The G8, or Group of Eight, is comprised of the eight leading market-economies in the world. Its member states – Canada, France, Germany, Italy, Japan, Russia, the United Kingdom, and the United States – account for 65 percent of the global economy, represent seven of the top eight countries worldwide in terms of overall military expenditure, hold four of the five permanent United Nations Security Council seats, and boast majority shareholder control of the International Monetary Fund and the World Bank.
Since 1975 the leaders of G8 member-states have met at an annual summit that has become renowned as the most powerful and intimate gathering of its kind anywhere in the world. While originally conceived as an economic gathering, the G8 Summit has now become the major arena for international action on HIV/AIDS, Weapons of Mass Destruction (WMD), debt relief, energy, terrorism, and global trade.
Lacking many of the formal institutions that typify international diplomacy at this level, the G8 relies on a rotating presidency in which the member-state that hosts the annual G8 Summit sets the agenda and priorities for discussion. Despite the formidable role that the G8 plays in global governance, however, its structure makes the G8 an elusive and historically underexamined area of study. The G8 Research Group was established to address this shortfall in academic inquiry. The G8 Research Group was founded in 1987 at the University of Toronto’s Munk School of Global Affairs by Professor Janice Stein, director of the Munk School, the Honourable Bill Graham, then-Member of Parliament, and Professor John Kirton, a leading international expert on the G8 and global governance.
Students at the University of Toronto, drawn to the G8 Research Group by their concern about the notable absence of attention the G8 was receiving in international public discourse, organized an independent student division of the G8 Research Group. Their intent was to provide research and analysis on the activities of the G8 and its member states, particularly with respect to monitoring whether or not member-states comply with the commitments they make at the G8 Summit.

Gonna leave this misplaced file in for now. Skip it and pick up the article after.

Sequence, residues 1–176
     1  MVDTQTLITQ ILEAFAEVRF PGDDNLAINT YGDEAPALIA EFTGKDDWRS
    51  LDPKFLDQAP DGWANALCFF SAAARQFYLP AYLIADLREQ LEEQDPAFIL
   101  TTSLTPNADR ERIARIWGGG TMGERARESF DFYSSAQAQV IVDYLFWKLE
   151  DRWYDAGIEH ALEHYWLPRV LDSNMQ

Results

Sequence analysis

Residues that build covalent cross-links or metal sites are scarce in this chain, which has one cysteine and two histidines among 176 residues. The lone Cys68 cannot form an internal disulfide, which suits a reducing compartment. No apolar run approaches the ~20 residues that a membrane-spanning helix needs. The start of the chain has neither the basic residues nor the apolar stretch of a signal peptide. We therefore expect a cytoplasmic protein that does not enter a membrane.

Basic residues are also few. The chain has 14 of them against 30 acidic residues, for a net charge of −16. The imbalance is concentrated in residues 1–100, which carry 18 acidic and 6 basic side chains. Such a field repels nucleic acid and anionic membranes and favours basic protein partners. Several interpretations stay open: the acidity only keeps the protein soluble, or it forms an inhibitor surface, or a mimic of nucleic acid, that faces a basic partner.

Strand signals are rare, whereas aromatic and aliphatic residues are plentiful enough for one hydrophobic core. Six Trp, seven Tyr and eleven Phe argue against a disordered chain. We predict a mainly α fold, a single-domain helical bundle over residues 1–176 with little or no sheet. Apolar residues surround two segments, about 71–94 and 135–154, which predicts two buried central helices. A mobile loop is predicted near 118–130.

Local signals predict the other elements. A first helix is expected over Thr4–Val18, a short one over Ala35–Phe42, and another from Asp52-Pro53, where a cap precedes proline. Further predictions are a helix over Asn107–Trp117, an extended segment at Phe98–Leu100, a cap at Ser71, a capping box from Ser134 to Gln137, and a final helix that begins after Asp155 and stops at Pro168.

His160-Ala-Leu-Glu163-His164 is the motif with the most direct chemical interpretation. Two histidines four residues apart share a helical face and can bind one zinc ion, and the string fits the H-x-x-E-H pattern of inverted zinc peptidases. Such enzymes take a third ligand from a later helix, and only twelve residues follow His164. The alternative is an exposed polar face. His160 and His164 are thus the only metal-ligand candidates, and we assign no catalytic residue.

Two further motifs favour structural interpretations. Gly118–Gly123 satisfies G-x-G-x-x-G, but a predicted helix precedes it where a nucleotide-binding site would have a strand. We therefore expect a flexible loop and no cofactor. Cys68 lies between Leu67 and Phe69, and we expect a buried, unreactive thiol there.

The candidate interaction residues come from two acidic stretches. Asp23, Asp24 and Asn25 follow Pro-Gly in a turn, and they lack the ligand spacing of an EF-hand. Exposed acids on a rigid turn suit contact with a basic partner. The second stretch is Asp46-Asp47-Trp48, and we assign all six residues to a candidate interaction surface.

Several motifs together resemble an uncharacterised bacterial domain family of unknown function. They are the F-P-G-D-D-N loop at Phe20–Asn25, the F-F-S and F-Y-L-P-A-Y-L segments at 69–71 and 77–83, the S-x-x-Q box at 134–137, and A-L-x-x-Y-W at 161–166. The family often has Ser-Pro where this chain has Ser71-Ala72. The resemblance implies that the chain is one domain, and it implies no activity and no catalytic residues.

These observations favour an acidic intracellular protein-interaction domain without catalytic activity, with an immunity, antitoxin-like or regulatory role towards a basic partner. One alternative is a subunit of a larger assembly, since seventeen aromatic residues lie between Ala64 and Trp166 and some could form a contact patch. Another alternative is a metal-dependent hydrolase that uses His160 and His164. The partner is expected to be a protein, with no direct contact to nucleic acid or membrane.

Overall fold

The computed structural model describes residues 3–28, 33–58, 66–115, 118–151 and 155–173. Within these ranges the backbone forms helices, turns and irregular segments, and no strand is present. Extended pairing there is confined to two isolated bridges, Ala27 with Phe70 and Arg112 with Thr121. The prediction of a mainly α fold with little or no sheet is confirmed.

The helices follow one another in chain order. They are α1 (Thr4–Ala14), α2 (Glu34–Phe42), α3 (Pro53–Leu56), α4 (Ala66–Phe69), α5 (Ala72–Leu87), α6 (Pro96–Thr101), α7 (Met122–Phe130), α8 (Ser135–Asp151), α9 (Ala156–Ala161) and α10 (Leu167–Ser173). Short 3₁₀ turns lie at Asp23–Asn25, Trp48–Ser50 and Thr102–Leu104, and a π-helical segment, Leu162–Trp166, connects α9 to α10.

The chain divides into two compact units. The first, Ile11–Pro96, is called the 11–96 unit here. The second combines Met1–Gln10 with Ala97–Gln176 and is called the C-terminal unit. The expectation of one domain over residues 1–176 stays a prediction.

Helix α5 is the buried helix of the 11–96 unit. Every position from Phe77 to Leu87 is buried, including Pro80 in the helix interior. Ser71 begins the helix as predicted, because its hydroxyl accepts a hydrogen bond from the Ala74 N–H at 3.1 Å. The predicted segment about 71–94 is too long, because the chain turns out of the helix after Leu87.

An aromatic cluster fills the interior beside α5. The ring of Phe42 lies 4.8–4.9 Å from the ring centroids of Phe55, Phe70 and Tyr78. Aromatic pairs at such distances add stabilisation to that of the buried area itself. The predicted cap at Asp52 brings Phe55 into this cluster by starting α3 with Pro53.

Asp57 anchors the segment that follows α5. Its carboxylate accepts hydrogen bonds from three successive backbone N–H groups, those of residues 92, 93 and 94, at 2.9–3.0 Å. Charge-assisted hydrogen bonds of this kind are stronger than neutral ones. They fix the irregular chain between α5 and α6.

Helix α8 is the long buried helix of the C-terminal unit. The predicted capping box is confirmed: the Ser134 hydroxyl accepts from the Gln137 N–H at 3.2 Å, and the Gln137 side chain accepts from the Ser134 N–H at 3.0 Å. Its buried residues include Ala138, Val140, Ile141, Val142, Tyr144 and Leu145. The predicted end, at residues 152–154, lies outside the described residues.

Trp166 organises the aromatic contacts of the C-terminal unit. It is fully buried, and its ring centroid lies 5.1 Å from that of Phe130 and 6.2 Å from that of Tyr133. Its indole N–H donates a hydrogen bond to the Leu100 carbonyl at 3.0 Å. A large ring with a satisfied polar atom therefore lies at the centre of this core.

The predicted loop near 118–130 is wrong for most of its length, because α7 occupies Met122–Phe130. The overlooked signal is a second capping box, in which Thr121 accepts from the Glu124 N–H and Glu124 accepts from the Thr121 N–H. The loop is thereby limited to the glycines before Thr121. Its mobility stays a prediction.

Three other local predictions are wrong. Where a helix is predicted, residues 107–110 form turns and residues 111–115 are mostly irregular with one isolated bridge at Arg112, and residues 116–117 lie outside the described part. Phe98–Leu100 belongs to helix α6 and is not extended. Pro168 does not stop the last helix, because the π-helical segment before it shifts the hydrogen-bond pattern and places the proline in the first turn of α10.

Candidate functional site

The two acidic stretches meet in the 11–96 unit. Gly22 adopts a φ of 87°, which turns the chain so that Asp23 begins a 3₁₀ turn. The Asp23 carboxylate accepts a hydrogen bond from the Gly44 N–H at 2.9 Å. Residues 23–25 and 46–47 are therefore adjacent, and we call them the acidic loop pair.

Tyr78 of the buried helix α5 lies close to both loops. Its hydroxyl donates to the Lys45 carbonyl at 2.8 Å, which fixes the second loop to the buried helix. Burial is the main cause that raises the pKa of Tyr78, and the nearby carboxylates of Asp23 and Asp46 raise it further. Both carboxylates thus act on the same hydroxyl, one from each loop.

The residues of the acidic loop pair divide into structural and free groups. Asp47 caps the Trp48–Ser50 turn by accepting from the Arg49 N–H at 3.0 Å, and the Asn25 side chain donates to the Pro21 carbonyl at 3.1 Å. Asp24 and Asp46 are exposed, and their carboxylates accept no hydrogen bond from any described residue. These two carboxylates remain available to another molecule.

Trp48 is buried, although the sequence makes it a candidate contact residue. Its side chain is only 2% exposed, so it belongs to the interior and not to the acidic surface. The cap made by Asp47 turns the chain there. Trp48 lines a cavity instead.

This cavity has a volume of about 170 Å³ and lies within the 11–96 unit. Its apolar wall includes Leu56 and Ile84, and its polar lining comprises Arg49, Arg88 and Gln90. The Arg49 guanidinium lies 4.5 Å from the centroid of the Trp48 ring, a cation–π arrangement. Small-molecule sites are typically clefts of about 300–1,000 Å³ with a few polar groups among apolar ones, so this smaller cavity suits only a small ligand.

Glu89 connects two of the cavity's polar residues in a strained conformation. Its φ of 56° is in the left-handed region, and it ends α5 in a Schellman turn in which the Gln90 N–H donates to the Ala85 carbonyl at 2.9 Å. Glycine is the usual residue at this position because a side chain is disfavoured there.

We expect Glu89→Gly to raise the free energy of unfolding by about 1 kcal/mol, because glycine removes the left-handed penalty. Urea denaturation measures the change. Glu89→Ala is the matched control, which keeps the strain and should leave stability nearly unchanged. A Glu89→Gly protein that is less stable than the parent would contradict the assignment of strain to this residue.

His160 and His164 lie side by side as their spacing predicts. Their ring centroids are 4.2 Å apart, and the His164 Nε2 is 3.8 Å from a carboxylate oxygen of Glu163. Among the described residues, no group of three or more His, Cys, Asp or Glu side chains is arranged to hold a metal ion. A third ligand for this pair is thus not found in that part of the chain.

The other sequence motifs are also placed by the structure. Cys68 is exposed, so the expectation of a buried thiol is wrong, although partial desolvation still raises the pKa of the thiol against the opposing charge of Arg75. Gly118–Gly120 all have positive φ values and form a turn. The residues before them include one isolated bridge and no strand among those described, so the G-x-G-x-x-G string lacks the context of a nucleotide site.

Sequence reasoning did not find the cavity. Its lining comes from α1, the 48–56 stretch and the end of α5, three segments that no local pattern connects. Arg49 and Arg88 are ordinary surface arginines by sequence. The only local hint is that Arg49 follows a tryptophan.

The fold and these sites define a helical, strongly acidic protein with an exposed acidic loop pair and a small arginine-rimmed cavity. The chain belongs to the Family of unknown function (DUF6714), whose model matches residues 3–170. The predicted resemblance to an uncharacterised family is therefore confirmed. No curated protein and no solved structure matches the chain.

The reports produced by the student division of the G8 Research Group have gained international recognition for being among the most comprehensive and analytically rigorous reports of their kind. They are among only a handful of studies in the world that compare the performance of all eight G8 members and the European Union across such a broad array of issues. Many of the student-authored research reports are considered to be authoritative in their respective domains.
Now in its fourteenth year, the research program instituted by the student division of the G8 Research Group has garnered worldwide attention from governments, academics, policy institutes, advocacy groups, both international and non-governmental organizations, and the media.
In addition to facilitating consultations with government officials and civil society actors, the G8 Research Group has been featured prominently in both domestic and international news media, including the BBC, the Financial Times, Dow Jones, the Washington Post, The Guardian, Voice of America, Xihnua, the Globe and Mail, the Ottawa Citizen, the Montreal Gazette, CNN, CBC, CTV and CityTV.
The student division of the G8 Research Group has also been recognized for its role in promoting student engagement in international affairs during an era often characterized by student apathy and youth disenfranchisement.